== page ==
Uncategorized | October 31, 2008
Here’s how amazon.com describes the book:
Candid essays on manic depression from a bipolar writer. Her experiences have launched personal, cultural and social inquiry into how we understand ourselves in the interplay between physical reality and the mind.
Here’s what Colorado writer and 2007 Blanchan/Doubleday judge Laurie Wagner Buyer has to say about Raw Days:
Dexa Dog may be an alias, but the woman behind the mask in Raw Days delves deeply into the essence of identity and what it means to be alive in a troubled culture. While not even the best scientists or spiritual leaders know why the human mind works or does not work, Dexa Dog does a beautiful job of exploring the dark labyrinths and circuitous passages into how we define reality and how we fail at supporting brilliant minds that function outside the box of what most consider normalcy.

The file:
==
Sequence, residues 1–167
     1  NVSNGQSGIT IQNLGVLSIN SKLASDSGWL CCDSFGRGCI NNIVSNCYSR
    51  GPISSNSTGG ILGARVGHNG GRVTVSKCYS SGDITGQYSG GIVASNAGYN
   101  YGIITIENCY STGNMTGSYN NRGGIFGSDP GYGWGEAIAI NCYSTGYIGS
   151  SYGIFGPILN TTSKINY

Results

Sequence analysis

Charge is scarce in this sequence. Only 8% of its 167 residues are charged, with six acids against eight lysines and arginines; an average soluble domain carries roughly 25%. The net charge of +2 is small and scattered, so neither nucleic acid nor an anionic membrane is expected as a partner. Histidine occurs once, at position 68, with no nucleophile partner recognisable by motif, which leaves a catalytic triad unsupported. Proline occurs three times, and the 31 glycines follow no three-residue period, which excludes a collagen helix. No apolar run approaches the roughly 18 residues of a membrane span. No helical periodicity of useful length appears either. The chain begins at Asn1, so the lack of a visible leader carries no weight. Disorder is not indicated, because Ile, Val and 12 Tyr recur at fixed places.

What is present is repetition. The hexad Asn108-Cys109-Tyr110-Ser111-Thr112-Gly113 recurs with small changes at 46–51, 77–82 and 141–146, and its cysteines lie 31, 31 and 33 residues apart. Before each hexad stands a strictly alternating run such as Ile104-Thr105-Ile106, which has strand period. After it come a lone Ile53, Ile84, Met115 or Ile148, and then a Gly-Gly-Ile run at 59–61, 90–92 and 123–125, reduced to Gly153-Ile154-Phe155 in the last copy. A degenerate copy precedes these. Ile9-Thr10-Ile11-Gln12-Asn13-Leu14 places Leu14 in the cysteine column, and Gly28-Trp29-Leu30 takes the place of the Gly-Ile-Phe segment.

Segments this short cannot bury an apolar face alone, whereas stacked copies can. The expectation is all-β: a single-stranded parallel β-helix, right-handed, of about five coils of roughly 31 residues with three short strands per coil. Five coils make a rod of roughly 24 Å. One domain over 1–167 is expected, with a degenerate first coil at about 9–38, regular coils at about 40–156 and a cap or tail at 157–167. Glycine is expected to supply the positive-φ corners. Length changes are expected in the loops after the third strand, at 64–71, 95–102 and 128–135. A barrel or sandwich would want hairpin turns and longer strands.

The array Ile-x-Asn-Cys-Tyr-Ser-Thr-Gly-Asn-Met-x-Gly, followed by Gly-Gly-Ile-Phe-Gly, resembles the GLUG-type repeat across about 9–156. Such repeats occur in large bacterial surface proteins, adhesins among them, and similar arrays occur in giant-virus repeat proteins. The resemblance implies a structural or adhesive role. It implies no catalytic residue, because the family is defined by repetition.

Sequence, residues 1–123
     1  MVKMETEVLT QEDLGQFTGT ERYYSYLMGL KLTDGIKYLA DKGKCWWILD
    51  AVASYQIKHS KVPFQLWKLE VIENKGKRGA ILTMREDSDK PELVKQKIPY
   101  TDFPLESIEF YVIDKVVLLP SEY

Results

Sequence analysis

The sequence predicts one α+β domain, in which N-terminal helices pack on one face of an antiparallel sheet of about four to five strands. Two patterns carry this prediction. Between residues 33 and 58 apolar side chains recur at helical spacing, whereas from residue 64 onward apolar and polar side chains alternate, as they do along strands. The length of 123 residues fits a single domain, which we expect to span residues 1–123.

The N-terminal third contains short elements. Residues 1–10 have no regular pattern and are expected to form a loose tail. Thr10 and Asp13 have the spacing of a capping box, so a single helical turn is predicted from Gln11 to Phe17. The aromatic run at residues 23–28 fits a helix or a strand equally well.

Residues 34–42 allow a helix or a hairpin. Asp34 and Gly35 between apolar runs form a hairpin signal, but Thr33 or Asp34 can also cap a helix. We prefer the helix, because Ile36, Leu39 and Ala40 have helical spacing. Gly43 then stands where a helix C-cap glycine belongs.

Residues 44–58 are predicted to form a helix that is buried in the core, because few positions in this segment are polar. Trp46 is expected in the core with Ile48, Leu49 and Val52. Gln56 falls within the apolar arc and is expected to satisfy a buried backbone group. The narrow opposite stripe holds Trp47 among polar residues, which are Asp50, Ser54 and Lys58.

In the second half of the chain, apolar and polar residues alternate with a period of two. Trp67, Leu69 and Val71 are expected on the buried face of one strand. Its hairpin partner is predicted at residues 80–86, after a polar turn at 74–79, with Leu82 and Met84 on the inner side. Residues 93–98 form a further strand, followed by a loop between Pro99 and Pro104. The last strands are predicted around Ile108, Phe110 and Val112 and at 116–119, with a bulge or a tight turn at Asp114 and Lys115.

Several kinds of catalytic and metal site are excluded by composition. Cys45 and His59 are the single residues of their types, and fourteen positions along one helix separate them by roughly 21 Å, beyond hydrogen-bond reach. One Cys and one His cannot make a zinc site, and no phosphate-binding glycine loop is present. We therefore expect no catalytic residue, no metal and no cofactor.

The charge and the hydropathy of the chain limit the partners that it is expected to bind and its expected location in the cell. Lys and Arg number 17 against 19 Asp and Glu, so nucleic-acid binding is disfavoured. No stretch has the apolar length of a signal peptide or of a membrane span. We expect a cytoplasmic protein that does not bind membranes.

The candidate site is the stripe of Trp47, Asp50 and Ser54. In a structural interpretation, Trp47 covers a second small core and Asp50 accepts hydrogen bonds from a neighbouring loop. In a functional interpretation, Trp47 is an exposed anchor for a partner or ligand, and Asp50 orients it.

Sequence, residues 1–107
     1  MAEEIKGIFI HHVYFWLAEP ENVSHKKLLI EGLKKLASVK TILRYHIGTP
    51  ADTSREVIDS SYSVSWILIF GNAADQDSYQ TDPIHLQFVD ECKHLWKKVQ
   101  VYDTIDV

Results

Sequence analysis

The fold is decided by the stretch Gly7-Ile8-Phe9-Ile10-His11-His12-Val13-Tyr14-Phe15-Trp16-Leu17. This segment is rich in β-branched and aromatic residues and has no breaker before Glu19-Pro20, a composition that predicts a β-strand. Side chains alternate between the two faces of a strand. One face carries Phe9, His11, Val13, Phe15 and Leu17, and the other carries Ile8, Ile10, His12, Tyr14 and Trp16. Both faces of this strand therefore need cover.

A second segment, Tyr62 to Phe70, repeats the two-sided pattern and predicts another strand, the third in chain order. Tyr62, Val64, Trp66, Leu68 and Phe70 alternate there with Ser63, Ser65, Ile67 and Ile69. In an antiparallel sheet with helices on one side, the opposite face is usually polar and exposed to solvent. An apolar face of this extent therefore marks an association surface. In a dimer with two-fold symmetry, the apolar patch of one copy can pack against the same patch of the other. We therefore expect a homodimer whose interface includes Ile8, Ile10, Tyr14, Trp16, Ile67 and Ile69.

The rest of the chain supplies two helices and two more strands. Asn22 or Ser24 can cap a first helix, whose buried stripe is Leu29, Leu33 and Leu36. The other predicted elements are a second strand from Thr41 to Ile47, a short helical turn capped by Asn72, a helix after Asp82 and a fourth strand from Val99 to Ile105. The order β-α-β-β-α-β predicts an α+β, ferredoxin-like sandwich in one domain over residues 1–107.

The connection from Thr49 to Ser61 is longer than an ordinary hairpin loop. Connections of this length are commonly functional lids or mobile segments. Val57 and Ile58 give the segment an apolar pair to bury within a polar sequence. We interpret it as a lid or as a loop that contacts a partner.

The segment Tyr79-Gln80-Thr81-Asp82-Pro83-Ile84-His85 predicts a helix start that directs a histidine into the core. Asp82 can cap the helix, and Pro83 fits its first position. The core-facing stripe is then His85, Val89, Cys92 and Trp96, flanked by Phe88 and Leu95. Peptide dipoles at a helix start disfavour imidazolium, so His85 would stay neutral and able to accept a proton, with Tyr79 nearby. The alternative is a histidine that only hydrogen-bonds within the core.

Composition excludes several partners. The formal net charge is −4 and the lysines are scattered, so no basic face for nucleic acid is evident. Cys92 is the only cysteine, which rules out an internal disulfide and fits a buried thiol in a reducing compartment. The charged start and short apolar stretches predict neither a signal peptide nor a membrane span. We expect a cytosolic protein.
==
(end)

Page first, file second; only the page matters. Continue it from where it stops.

Whatever label one wishes to place on the condition called bipolar, manic depression or mood disorder, it is clear that people who live, work and create within this altered state of being are both blessed and cursed. Stretching our somewhat staid literary parameters by blending memoir, poetry and commentary on today’s culture, Raw Days is a must read for anyone who is intrigued with the ever-expanding universe called the human mind.
Interesting that Bo’s book arrives in the same month in which Congress approved mental health parity legislation that, according to Mental Health America, “will broadly outlaw health insurance discrimination against Americans with mental health and substance-use conditions in employer-sponsored health plans.” Good news for the estimated 67 percent of adults and 80 percent of children requiring mental health services who do not get it.
It always comes back to the arts, doesn’t it?